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Addressing domestic violence from the pulpit


Hispanic/Latino-a Ministry equips pastors with needed tools and resources

by Gail Strange | Presbyterian News Service

Photo by Jason Leung via Unsplash

LOUISVILLE ― Many readers know of someone in their family, congregation or community who has been impacted by domestic violence in one way or another. To address the topic that is not often discussed or preached from many pulpits on Sunday mornings, the Hispanic/Latino-a Intercultural Congregational Support Ministry created the Gospel, Pastoral Care, and Domestic Violence series, an educational encounter series that addresses domestic violence and the faith community.

“This is a conversation that started with a group of women, pastors, ministers, elders, commissioned elders in Puerto Rico, along with some Presbyterian Mission Agency staff last year,” said the Rev. Rosa Blanca Miranda, Associate for Hispanic/Latino-a Intercultural Congregational Support. “With COVID people were forced to be in the house together without being able to go out. Domestic violence increased in communities and within families. There was silence. This is something that has been part of a stereotype within the Latin community. But domestic violence goes across cultures, countries and families.”

A 2021 report by the National Commission on COVID-19 and Criminal Justice shows that domestic violence incidents in the U.S. increased by 8.1% following the imposition of lockdown orders during the 2020 portion of the pandemic.

The Council on Criminal Justice findings are based on a systematic review of multiple U.S. and international studies that compared changes in the number of domestic violence incidents before and after jurisdictions began imposing stay-at-home restrictions in 2020. The studies draw on a wide range of data, from logs of police calls for service to domestic violence crime reports, emergency hotline registries, health records and other administrative documents.

The four-session event began in March in support of Women’s History Month. Forty-two leaders in the Hispanic church community committed to participate every Tuesday. “I was so glad to see that we didn’t lose anyone,” said Miranda. “They were there every single time. And even though this a time to talk about domestic violence and violence against women, at the end we could open up to talk about other violence in a broader way.”

“The church cannot continue to be silent on the issue of domestic violence,” said Miranda. “Like the women in Puerto Rico, they couldn’t be silent any longer. Something needed to be done.”

In 2021 the Presbiterio de San Juan issued an open letter calling on the Church to “unite our voices against gender-based violence in Puerto Rico both in public demonstrations and from our pulpits.”

“That’s why this event was sponsored by the Hispanic/Latino-a Intercultural Congregational Support office,” Miranda said.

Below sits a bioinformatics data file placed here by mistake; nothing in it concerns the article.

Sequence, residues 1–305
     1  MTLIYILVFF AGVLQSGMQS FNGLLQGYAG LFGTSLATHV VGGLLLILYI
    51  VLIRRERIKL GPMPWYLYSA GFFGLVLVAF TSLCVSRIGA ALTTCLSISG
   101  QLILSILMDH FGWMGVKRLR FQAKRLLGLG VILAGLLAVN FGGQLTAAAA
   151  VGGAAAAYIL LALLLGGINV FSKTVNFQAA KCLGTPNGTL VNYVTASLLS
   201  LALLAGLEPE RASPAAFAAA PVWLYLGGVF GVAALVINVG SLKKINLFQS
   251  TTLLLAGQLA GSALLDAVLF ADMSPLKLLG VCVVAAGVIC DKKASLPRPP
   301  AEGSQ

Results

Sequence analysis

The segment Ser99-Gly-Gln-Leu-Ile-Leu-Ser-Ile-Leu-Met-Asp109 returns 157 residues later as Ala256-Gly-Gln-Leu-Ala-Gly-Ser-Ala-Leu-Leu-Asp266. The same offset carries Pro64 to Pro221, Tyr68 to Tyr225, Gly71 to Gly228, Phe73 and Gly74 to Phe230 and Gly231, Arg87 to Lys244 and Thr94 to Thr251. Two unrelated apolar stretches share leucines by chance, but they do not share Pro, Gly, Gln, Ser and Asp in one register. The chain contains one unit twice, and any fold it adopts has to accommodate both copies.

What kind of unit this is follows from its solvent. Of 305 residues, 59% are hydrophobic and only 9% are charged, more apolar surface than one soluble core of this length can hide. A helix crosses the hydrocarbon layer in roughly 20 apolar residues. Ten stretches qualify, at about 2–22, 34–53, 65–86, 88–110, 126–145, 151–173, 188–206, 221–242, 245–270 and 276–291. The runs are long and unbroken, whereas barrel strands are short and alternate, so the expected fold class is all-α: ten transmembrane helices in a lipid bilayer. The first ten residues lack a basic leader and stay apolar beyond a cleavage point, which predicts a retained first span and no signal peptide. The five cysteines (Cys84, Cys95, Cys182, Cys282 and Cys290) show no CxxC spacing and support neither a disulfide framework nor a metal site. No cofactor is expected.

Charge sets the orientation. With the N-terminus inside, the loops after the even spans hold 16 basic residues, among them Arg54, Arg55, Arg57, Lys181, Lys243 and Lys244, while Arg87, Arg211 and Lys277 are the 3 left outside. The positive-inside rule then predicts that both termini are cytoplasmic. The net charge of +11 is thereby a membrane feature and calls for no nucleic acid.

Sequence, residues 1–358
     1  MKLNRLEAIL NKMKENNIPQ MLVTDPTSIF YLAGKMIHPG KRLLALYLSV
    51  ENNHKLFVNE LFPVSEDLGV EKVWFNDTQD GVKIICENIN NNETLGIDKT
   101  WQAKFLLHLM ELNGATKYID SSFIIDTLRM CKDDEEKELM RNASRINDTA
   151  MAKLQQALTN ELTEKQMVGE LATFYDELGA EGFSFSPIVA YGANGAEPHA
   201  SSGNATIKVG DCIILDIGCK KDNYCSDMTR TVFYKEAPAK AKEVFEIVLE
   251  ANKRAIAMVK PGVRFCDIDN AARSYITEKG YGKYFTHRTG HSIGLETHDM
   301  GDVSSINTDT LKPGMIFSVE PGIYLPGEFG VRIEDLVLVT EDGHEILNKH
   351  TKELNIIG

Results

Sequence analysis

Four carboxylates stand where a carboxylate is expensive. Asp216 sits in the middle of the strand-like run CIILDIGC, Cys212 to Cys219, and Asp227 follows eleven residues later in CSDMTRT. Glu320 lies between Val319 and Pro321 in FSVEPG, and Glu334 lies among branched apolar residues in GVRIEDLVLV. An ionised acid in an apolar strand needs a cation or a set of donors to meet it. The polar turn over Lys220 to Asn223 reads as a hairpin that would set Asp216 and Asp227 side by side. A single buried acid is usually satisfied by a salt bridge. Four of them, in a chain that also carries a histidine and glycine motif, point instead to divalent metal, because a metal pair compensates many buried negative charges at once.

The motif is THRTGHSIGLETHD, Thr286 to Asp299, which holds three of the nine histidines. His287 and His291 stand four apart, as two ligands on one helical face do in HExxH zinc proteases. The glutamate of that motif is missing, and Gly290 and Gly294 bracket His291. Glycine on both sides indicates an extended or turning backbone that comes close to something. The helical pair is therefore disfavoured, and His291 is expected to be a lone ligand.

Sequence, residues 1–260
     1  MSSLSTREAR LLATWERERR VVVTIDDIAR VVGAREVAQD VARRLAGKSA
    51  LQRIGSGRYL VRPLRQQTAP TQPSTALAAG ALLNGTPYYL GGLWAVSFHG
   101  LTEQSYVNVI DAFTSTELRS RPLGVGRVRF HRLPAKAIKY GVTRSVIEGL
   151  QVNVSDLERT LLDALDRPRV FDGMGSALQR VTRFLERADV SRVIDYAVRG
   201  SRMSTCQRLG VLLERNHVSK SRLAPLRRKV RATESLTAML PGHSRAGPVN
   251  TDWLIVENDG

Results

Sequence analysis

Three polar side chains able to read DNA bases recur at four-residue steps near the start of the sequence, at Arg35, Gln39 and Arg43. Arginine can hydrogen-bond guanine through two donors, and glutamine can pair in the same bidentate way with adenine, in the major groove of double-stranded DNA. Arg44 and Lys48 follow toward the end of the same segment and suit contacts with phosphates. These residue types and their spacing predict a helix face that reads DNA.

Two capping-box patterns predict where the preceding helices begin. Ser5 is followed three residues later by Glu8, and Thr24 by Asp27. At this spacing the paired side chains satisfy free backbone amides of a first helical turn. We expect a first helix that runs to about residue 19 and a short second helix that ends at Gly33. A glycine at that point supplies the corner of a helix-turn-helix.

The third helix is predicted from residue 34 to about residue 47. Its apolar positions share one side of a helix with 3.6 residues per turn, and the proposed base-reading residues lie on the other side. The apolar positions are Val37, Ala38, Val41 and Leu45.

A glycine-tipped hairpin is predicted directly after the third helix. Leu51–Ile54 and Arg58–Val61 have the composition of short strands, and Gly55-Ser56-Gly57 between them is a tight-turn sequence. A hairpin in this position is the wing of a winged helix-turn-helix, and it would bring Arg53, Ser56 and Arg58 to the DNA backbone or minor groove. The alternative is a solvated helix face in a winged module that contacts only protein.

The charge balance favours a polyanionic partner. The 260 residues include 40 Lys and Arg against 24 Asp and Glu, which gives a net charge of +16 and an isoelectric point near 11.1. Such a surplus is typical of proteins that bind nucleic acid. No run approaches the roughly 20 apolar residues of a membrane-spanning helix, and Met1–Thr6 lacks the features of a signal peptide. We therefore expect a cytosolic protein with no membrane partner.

The themes for the series included

  • What is violence?
  • How violence in society and in our world also has an impact on our faith communities as well as our own families.
  • How we read Scripture in contexts of violence.
  • How our churches can become safe spaces for healing.
  • How to build relationships that are equitable.

According to Miranda, one of the goals of the weekly educational encounters ― that’s how she introduces each session ― is to offer a safe space to talk about those issues. Individuals can come from different journeys, from different perspectives and from different theological ways of thinking about and interpreting the Bible.

“This is a safe space to feel uncomfortable, but we are going to talk about those topics that need to be addressed from the pulpit ― from Bible study, from counseling, from any way possible in our faith communities,” she said.

The Rev. Rosa Blanca Miranda

“We’re going to open up our faith communities and include everyone and every person that suffers from violence and see that person as a child of God ― not in a judgmental way, because that’s not what we are called to do,” said Miranda. “These were rich presentations, but also it was a place where leaders opened up to talk in a deeper way. My prayer is that we may be able to speak freely and sponsor an event in which we could not only talk about the violence against women, but violence against the LGBTQIA community as well, or at least how our faith communities can be or become safe spaces ― welcoming, radical welcoming places for communities or churches for all our siblings.”

For additional information on domestic violence in the Hispanic community, Miranda says her ministry partnered with CEDEPCA, the Protestant Center for Pastoral Studies in Central America. CEDEPCA is an educational institution that contributes to the transformation of lives and contexts by providing training and accompaniment and by offering spaces for reflection to women and men from diverse Christian traditions, communities, and contexts.

Click here for resources as well as the videos of the Encuentros Educativos (Educational Meetings) presentations. Find all four sessions in the series The Gospel, Pastoral Care and Domestic Violence below:

March 8: Gospel, pastoral and domestic violence (Evangelio, pastoral y violencia intrafamiliar)



March 15: The Church and pastoral, towards a therapeutic community (Iglesia y pastoral, hacia una comunidad terapéutica)



 March 22: Contextual reading of the Bible in contexts of violence (Lectura contextual de la Biblia en contextos de violencia)



 March 29: Building equitable relationships (Construcción de relaciones equitativas)



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